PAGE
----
Top Five (and Ten) TV Shows of All Time

Sure, I could have gone with Omar for ‘The Wire,’ but I’m going with my man Bubbles, who doesn’t get enough credit.

One nice thing about a Top Five list of TV shows is that you can bill it as “all-time” and still stick to stuff you know from your own lifetime. You don’t feel like you have to go back and pull in “Greensleeves” or “Veni, veni, Emmanuel” to make up for neglecting Top Songs before Elvis.

Sure, there was some TV before my time, like “Your Show of Shows,” which went off the air about eight months after I was born. But while I’ve heard people rave about it, I suspect I didn’t miss all that much. I mean, I’ve seen some of Sid Caesar’s stuff, and he was good, but to me, Imogene Coca was the cavewoman on “It’s About Time” — which I assure you isn’t going to make my Top Ten.

I thought at first that I wouldn’t have the discipline to stick to the Top Five format, since this is a pretty broad field — All TV Shows, ever. I figured I’d do 10, and then go back to the Nick Hornby standard when we do top sitcoms or something narrower like that.

But after I’d made a list of 10 and started trying to rank them, I realized the Top Five were very clear, and stood out well above 6-10. So I did five, and then another five. I hope Barry will be proud.

And yes, this is inspired by what I mentioned a couple of days ago — the Rolling Stone list that outrageously didn’t include “Band of Brothers” in its top 100. Bud already reacted with his own Top Ten list, which I urge you to peruse as well.

Anyway, here goes:

  1. The West Wing — If not for streaming, I would not even be a fan. I never watched my first episode until years after the show ended. I’m so glad I was able to watch it on Netflix. I regret that it’s only available now on a service I don’t subscribe to. Why do I love it? It makes me feel happy about the world I live in. (It makes me actually appreciate human beings, and have hope for the species.) Not many things do that out there in the media universe. But someone who understands America as well as Aaron Sorkin does can do that.
  2. Band of Brothers — You should understand that I felt invested in this from the beginning, long before the first episode appeared on HBO. I had been thinking for some time about what an awesome TV series Stephen Ambrose’s book would make — if it were made by the right people. Specifically, Steven Spielberg and Tom Hanks, who brought us “Saving Private Ryan.” (I was also thinking about “From the Earth to the Moon” as a model, so I should probably mention Ron Howard as well.) I even thought about writing them to suggest the idea, but I’ve never done fanboy stuff like that. As it worked out, I didn’t have to. They went ahead and did it anyway. You might say I wished it into being — and it was everything I had wished for. I need to figure out how I did that, so we can finally get that Jack Aubrey series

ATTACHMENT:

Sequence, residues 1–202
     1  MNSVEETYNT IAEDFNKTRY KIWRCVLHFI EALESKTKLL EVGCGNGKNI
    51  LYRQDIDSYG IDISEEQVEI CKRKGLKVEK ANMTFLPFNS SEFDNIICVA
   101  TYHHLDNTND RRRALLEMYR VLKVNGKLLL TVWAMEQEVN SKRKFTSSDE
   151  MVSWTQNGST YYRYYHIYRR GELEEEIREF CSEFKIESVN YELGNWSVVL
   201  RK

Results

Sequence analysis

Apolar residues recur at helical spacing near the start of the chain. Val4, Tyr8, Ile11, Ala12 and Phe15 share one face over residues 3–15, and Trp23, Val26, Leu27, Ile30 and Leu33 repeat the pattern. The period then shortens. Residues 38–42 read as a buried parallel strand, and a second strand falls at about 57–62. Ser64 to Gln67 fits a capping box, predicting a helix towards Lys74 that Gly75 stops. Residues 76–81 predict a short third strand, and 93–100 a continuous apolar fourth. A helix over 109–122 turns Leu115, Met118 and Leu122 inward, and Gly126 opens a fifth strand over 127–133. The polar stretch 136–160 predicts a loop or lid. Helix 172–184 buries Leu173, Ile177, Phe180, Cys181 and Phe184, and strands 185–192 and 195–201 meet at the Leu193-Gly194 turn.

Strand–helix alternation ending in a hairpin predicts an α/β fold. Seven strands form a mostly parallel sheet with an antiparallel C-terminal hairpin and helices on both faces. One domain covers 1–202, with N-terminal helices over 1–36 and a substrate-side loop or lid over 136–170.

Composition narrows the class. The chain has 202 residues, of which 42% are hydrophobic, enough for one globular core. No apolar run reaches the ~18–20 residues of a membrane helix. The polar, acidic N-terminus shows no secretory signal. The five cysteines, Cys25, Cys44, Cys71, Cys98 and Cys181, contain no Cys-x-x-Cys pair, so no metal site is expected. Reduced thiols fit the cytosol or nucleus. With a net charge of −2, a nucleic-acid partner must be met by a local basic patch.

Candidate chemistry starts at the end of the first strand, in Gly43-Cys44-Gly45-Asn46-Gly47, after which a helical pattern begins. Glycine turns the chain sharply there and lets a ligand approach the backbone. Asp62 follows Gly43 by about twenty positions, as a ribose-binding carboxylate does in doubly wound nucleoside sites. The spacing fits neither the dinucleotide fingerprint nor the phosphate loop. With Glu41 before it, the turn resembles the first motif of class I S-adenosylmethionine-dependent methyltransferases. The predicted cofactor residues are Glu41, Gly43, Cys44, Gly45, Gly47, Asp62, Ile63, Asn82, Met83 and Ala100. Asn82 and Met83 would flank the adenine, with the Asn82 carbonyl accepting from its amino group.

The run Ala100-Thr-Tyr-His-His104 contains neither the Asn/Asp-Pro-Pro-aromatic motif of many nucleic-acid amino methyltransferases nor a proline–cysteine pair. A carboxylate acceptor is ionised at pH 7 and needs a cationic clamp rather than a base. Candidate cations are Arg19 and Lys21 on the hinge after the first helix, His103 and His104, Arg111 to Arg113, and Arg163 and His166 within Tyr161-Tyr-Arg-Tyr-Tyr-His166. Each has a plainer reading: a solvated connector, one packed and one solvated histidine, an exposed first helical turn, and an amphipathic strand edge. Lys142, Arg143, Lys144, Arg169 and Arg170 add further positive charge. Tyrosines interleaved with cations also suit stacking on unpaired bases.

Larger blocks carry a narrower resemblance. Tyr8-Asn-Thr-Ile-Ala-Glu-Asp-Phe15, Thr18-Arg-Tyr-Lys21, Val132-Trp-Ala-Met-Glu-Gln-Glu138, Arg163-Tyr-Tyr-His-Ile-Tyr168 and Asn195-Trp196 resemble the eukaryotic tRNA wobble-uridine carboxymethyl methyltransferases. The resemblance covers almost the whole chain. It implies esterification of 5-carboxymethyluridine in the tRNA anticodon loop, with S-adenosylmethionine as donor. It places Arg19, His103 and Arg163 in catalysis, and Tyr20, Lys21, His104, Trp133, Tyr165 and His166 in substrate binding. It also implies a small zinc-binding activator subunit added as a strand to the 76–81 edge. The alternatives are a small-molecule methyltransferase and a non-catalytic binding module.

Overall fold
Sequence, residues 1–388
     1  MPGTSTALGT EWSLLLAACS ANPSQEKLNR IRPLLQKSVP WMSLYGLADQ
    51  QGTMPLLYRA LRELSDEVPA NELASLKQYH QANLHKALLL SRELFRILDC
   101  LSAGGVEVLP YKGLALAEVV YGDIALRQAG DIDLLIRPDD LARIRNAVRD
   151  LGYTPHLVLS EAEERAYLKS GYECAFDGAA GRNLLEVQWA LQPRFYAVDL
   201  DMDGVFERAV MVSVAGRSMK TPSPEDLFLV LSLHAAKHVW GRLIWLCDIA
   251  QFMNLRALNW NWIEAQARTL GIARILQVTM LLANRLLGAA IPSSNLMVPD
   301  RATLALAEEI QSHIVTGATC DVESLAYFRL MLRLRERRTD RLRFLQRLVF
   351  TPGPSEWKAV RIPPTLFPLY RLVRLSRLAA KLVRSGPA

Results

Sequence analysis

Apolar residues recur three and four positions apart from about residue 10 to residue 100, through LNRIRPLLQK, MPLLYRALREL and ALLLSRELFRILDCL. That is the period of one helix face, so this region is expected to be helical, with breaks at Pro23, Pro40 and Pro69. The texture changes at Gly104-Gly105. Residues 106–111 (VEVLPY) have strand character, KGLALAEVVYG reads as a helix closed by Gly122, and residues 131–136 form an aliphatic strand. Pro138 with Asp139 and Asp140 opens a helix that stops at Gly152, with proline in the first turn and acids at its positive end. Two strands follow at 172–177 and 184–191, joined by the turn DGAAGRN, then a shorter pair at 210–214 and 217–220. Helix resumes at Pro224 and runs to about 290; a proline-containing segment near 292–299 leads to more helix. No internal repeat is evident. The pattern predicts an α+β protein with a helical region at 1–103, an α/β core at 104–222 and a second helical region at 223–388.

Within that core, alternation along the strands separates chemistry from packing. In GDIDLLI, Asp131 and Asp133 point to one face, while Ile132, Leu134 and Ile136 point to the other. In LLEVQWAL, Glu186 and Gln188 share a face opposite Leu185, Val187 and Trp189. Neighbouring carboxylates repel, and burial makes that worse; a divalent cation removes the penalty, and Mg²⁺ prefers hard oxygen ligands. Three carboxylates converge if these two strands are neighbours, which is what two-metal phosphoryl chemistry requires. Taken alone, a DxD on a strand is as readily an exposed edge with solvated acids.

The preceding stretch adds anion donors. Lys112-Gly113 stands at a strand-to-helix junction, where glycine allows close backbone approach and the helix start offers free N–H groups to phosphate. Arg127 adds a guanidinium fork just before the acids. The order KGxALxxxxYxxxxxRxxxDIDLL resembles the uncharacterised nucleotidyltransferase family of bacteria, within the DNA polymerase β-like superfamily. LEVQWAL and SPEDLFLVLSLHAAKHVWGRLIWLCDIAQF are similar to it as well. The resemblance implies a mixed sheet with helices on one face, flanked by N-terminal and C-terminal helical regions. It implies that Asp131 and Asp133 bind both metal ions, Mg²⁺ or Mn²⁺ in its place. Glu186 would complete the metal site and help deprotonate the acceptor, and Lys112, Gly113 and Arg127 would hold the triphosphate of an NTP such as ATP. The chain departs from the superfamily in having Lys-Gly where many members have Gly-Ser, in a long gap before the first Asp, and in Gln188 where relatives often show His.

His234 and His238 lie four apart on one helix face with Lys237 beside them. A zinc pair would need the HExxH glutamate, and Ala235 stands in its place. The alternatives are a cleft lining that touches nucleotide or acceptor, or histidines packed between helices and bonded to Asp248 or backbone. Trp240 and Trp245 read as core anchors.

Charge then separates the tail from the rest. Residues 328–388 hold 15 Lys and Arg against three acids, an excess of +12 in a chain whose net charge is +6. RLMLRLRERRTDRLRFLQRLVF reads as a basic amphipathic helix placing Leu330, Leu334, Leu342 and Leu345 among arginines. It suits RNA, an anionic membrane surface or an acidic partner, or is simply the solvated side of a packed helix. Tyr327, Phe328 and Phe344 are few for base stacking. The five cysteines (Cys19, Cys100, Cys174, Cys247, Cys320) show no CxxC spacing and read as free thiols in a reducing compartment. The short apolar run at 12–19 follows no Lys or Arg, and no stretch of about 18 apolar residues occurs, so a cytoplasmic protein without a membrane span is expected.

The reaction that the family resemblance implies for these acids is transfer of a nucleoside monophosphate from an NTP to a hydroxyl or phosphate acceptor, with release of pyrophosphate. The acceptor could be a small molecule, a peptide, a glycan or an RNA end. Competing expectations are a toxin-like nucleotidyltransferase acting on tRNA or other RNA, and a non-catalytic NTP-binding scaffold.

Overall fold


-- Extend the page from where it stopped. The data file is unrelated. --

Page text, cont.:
3. The Wire — Wow. This was just so awesome on so many levels. It’s a newspaperman’s fantasy — an amazingly high-quality production that shows exactly what things are like in his city. And of course, it was written by an unusually gifted newspaperman, former cops reporter David Simon. He switched careers for a very newspaperman reason: “I got out of journalism because some sons of bitches bought my newspaper and it stopped being fun.” Well, it was often intensely painful to watch, but The Wire was also fun. I will end by simply naming some favorite characters: Omar, of course. Major Rawls. Kima Greggs. Beadie Russell. Jay Landsman. Brother Mouzone. Tommy Carcetti. And most of all, Bubbles the snitch.
  4. Firefly — I’m not going to go into the horrible thing that happened, and how all the people in charge at Fox network are a buncha gorram idiots. Although obviously they are. I mean, come on! It’s the only series ever that’s about space cowboys — something that previously only existed in the imagination of Steve Miller. That made it automatically better than any show that was merely a space opera or merely a western. And then, the characters and the writing took that advantage and blasted it clear across the known ‘verse. The use of language alone — “‘verse,” “shiny,” and the odd bits of Chinese thrown in — made it irresistible. Not quite on a “Clockwork Orange” level, but way up there. Favorite characters? Well, I guess Kaylee was my true favorite, but my publicly admitted favorite (so I don’t seem to be a dirty old man) is Jayne. Third would be Mal. Sorry, captain…